Transitioning from working in an office or field setting to working from home will raise many challenges for you and lots of new opportunities, if you decide to see the positives as well as the difficulties. You’ve no doubt read countless articles and blogs about working from home since it has become the new normal for workers around the world who are able to do their jobs remotely. I’ll try to offer some different ideas here, perhaps new ways to think and consider this time. I hope it gives you something new to think about!
Replace the mini opportunities
There are many mini opportunities our bodies miss when we work from home. Things like getting up to walk to the printer, coffee pot, water cooler, bathroom, conference room... think about it, you were probably standing and sitting and moving a great deal in these mini ways. This includes little things at your desk, too – did you reach down or up to grab files or reach over to a ringing phone? Your workstation set up may have been stretching you in little ways that added up throughout the day. It’s important to replace these mini opportunities with things you can do at home. It adds up when your bathroom and kitchen are only a few paces away from your office!
Do you listen to music in the car or on public transportation during your commute? If so, consider replacing that with music at home. Create a playlist or Spotify/Pandora station of your favorites and set a few minutes each day to relax with music you love. Maybe it’s over lunch or during part of your workday where you are not on calls.
Try different types of music at different times. I love jazz in the mornings (especially rainy, foggy mornings!), classical late at night, and maybe something more uplifting during the height of the workday (for me, it’s Morphine, today’s hits, or something from the 90s, Britney anyone?). Whatever gets you going, and since you’re in control in your home office feel free to change it up often! Great time to explore new music.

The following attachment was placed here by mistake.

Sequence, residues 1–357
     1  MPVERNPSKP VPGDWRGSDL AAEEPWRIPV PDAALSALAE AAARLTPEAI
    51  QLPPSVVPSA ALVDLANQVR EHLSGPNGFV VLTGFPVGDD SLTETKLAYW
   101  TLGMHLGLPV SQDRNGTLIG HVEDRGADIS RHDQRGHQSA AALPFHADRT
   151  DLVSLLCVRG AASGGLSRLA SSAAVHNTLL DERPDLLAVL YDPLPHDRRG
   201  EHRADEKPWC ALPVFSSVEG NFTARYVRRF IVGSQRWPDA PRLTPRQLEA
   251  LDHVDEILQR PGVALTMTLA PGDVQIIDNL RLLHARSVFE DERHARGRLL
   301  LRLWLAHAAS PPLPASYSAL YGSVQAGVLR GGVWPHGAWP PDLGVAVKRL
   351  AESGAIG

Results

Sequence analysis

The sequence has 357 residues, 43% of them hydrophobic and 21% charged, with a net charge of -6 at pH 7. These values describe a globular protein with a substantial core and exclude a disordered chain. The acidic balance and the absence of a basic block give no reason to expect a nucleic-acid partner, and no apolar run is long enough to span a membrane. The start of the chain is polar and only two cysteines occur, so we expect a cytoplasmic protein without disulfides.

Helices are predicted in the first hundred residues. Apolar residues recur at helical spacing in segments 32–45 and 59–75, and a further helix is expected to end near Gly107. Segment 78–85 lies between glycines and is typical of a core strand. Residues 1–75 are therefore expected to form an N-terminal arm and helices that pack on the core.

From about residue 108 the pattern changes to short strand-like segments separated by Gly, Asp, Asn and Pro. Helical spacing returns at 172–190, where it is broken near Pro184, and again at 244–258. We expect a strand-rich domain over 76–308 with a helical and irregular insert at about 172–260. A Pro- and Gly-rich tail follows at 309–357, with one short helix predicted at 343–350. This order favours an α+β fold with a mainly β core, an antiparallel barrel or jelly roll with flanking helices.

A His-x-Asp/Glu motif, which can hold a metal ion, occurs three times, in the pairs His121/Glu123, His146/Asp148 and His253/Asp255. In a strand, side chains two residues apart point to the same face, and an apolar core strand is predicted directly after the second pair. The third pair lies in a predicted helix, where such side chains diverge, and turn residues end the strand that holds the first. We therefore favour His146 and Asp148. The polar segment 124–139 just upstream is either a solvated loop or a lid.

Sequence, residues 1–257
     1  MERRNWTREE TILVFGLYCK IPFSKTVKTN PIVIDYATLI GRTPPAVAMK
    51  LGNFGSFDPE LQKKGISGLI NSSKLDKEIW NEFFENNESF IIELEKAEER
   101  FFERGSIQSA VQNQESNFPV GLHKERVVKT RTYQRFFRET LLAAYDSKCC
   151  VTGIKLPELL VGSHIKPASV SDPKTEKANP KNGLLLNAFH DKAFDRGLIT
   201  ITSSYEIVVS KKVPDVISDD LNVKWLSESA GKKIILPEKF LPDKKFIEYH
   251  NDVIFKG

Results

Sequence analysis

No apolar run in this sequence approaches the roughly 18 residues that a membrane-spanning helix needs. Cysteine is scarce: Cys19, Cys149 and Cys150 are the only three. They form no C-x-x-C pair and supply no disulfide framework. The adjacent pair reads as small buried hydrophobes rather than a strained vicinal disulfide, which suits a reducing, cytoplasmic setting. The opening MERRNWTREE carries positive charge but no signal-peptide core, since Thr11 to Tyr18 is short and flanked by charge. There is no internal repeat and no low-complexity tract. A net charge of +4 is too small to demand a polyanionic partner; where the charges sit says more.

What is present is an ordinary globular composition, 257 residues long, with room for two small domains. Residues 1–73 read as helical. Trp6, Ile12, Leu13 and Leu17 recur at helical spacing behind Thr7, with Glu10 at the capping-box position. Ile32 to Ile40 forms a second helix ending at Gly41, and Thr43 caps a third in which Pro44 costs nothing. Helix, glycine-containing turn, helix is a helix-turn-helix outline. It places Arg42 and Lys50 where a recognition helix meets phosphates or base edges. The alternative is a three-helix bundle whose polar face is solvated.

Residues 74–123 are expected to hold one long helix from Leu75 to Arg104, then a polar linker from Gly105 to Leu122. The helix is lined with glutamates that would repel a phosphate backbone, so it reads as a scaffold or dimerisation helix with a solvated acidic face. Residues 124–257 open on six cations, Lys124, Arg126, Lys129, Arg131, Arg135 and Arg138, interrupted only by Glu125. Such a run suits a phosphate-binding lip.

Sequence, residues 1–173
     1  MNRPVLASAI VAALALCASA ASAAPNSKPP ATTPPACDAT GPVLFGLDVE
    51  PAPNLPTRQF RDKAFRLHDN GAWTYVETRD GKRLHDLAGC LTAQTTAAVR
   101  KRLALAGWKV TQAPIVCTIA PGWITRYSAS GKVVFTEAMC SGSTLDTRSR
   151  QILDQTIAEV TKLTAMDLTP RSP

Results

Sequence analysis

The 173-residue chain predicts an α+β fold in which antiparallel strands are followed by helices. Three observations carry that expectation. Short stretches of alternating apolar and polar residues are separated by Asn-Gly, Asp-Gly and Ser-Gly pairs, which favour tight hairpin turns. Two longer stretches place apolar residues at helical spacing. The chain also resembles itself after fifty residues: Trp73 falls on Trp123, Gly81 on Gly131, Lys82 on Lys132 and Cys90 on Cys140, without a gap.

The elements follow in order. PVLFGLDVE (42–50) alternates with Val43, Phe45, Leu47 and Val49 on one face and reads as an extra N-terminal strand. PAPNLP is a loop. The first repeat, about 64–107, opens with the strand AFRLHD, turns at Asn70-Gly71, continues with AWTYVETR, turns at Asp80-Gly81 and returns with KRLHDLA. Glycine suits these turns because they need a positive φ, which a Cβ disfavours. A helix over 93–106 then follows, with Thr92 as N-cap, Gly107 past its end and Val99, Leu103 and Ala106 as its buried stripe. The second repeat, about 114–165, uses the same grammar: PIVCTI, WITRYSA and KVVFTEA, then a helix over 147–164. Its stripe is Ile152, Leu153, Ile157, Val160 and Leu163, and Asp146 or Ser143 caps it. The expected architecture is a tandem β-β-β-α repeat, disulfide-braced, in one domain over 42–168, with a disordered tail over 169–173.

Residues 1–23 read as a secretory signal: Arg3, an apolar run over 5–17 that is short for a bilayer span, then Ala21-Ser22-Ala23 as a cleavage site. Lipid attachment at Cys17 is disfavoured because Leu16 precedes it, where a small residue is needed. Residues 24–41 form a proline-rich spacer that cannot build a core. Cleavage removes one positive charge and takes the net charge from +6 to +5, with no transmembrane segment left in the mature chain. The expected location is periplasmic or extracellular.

Zoom and camera tips
Lots of us downloaded Zoom this past week, in fact per Forbes, Zoom reported a 1270% increase in downloads from February 22 to March 22, for a total of 17.2 million users worldwide. If you’re turning on your camera you may also want to think about a few things.
· Your clothing choice makes a difference. Some patterns can jump and repeat on camera, like stripes, chevrons, or houndstooth. I like bright colors on top – this can help make you stand out in a large group meeting and can make your other features pop on camera. A bright tie or piece of jewelry is a good choice.
· Experiment with camera placement. Think about angles, lighting, and background. Simplify what appears behind you and consider finding a place in your home with nice natural light to be your “camera corner”.
· Consider your gestures and facial expressions. Depending on your and other’s connections, there could be a pause or slight delay between video feeds. You may want to modify your style from your usual in-person use of gestures, knowing it may come across differently on camera.
Find the people
Safely, of course! Try video calls with your family and friends. Lots of social groups and professional organizations are offering video happy hours or coffee talks. Try some! This is helpful to do before you feel isolated, just to get ahead of it. Depending where you fall on the introversion/extroversion continuum, this will happen at varying times! Use social media to check in on others and respond to conversations engaging with your network.
You’ve probably heard you should stick to your routine of showering, dressing, fixing hair and make-up, and I think it’s even more important is stay with your sleep schedule. It can be tempting to get up later and stay up later without a commute to eat away some time. But your body needs routine and rest. There are other things you can do with the extra commute time instead of sleeping later. It will make you feel better to get up and be active.